The first time we worked opposite Mulligan and Brookmeyer, Gerry said he was so knocked out with my playing that he called me to record with his sextet. I rehearsed with the group in the afternoon of September 26,1956, and after we took a break and went out for something to eat, we recorded the album later that night.3 That was the only time I played with the sextet, but a few days later Bill Crow called and said that Gerry wanted me to join the band. I didn't because I was still working with Lee, although I really liked the sextet. The writing was very good, the blend and intonation of the four horns was perfect, and everyone could really blow. The following year I recorded again with Gerry, only this time in a big band, and just about everyone had a short solo.4 That same year Lee and I were in the studio for Norman Granz, and on "Billie's Bounce" we played Bird's four choruses from memory, because most of the people studying with Lennie were memorizing solos by Lester, Bird, and Roy Eldridge.5


One of my students was a good friend of Mulligan's, and Gerry told him to get me to call because he wanted me to join the Concert Jazz Band, which he was organizing. After three months of auditions and rehearsals we played our first gig in January 1960 at Basin Street East. The club was filled every night, and I couldn't believe how many musicians were coming to hear us, as well as film and stage people who were friends of Judy Holliday. I had already met her at the rehearsals, and she was there at the band's first night, sitting next to Dora, my wife, and they were having as much fun listening as we were playing. I remember one night later on at the Village Vanguard, someone was whistling loudly after solos and at the end of every tune, generally having one hell of a time. When we came off the stand I asked Dora who was making all the noise, and she said it was Judy!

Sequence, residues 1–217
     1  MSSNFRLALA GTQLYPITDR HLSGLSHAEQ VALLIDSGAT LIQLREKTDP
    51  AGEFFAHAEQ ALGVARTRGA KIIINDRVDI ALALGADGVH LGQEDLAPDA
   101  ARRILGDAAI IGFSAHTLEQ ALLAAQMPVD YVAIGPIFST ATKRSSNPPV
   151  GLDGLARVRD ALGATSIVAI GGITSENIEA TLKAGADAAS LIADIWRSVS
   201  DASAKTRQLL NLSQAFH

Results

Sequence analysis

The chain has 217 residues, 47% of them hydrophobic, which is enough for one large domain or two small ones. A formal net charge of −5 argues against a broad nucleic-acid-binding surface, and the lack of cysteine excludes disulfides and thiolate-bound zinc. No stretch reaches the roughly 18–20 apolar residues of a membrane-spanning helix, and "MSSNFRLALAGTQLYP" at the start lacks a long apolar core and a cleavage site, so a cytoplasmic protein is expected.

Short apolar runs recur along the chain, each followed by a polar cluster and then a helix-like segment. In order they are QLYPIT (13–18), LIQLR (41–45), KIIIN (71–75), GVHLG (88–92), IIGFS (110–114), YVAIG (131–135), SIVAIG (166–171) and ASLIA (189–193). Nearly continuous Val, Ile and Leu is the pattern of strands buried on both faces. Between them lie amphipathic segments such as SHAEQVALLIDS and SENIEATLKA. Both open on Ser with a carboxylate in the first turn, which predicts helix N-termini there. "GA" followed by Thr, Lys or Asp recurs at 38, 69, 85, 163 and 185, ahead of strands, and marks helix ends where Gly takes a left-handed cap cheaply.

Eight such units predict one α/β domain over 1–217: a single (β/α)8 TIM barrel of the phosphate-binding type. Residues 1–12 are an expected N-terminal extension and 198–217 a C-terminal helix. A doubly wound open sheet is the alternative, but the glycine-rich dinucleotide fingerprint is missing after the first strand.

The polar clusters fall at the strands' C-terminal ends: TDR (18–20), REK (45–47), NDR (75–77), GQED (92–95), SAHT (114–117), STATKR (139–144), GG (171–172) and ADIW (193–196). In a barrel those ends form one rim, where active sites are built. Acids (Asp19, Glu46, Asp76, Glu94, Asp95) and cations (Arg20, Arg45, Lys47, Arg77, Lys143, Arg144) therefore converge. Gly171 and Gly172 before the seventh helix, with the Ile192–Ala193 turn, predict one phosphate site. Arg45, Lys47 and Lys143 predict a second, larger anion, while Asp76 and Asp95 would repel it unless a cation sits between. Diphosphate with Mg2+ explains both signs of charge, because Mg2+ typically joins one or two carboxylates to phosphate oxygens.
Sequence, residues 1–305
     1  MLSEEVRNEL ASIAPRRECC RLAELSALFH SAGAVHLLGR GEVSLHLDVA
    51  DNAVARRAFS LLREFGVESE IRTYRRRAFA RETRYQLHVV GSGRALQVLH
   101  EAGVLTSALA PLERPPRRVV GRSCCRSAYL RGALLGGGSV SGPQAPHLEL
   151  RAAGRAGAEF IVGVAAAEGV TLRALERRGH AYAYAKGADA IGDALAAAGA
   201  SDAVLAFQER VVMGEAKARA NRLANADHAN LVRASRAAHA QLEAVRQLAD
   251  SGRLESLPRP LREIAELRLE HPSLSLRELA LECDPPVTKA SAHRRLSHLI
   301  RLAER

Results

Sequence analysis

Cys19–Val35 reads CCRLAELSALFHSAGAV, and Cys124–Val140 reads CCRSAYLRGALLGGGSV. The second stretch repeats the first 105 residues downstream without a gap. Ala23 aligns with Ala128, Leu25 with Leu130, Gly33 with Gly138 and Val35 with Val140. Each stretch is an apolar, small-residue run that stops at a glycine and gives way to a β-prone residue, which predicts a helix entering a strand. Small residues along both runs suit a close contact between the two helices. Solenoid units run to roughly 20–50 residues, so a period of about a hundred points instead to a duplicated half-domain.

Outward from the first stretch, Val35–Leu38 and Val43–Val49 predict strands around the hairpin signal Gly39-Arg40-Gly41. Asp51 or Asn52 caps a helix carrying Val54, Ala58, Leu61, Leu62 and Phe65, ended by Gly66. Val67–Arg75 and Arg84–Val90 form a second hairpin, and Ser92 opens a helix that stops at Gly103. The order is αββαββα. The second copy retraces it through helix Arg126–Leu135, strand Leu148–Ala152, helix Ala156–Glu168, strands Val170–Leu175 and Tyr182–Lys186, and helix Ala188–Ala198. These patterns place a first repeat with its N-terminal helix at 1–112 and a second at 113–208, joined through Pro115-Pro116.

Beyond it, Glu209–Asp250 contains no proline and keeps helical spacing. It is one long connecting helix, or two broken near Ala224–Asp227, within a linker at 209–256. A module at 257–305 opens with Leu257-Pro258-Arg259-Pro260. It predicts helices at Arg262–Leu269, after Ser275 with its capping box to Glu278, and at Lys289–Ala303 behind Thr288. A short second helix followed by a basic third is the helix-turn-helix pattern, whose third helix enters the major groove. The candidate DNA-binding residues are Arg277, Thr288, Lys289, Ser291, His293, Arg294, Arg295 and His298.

Nick Travis played all the lead, and he had good chops and excellent time. He was a fine consistent player with a relaxed feeling, but when we were in Europe he had a loose tooth on the top, right under the mouthpiece. He really had a problem for the last part of the tour, but it wasn't apparent to anyone, and as you can hear on the records, he sounds as full and consistent as always. Gerry already had Brookmeyer, but he wanted another strong soloist in the trombone section, so a couple of months before we left for Europe, Willie Dennis joined us, and he was perfect. I had first met Willie when he was with Elliot Lawrence in 1948, and he was a very good friend of mine. When he left Elliot's band, he moved to New York and started studying with Lennie, and his playing was just beautiful. He had very good chops and great time, with a soft texture to his sound, and despite what you may think, he was not slurring all the time but tonguing very lightly. He was very spontaneous, immediately reacting to what was happening. He was also a very good cook, and if you ate at his house, you ate well. Unfortunately Willie was killed in a car accident in Central Park; Dora and I went to his funeral, which had a closed casket. His wife, Morgana King, told us that on the night of the accident, it had been raining, and the road turned but the driver didn't. He hit a tree, sending Willie through the windscreen.